There is a hot debate in Major League Baseball about whether or not Mike Trout is the greatest young player of all time.
MLB Network‘s Chris Russo is appalled by this idea, and he is not entirely out of place with his mindset. There have certainly been a number of very talented young players in the game’s history – Mickey Mantle, Ted Williams, and Willie Mays, just to name a few.
Though Mike Trout may not be the greatest young player of all time, he is certainly one of, if not the best player in the game today, and a once in a generation type of talent.
He can even be compared to one of those players listed above, 1974 Hall of Fame inductee Mickey Mantle, to this point in his career. This may seem like a shocking comparison, but watch this clip from MLB 162 and you’ll see why it isn’t:
The video says it all, but I think when you look at what Mantle did through the remainder of his career is where the two separate.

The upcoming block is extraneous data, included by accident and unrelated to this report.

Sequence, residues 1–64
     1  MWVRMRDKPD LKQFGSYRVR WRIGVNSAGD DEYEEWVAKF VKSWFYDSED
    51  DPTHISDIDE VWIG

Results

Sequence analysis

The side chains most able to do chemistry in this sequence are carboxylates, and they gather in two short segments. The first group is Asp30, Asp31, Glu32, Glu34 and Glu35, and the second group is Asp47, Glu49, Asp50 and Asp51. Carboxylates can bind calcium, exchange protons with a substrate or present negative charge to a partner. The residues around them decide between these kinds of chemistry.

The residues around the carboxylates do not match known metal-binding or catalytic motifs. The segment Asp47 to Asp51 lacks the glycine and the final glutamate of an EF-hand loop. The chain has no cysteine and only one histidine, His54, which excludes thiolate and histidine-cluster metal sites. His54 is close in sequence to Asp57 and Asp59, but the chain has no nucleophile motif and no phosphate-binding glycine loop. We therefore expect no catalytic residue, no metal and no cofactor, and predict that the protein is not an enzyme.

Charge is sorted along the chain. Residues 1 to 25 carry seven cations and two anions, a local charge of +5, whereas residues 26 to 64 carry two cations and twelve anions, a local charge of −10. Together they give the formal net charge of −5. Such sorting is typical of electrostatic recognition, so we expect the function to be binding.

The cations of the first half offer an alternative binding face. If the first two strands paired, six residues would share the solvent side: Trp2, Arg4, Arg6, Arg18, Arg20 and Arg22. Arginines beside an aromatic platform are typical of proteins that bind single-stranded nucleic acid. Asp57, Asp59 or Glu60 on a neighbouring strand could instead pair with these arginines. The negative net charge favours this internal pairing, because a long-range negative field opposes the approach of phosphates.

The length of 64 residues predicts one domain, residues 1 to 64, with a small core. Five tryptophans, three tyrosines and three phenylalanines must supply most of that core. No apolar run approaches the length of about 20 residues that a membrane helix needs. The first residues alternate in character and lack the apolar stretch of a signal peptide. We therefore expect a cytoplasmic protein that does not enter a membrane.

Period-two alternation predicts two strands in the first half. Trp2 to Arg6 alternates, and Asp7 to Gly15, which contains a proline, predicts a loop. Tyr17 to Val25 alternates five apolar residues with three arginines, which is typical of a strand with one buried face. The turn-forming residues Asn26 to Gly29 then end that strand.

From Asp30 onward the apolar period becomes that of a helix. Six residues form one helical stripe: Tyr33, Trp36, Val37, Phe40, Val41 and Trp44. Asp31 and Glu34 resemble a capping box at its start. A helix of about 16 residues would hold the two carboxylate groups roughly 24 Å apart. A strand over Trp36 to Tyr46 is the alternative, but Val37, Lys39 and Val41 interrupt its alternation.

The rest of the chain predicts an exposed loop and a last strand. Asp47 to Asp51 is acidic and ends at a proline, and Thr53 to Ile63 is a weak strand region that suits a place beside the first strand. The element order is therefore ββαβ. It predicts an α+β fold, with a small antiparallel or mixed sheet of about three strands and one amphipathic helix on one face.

Trout has been impressive to this point, that’s for sure, but I don’t think Trout has the ability to match the 1956 and 1961 seasons Mantle had.
Here are Mantle’s stat lines in those two seasons:
1956 (24 years old): .353 AVG 53 HR’s 130 RBI’s
1961 (29 years old): .317 AVG 54 HR’s 128 RBI’s
Trout certainly has the edge in the baserunning game – he has 91 steals through 376 career games while Mantle had only 153 steals in 2,401 career games – but I just don’t see Trout developing the power Mantle had.
Then again, who knows what we can expect from this kid.
Don’t get me wrong, Mike Trout is certainly one of the greatest young players we’ve ever seen and probably will ever seen, but it’s not fair to try to compare him to some of the greatest players to ever play the game of baseball.
We should all just let Mike Trout be Mike Trout, and we can worry about comparing him to some of the game’s greats when he’s inducted into Cooperstown 25 years from now.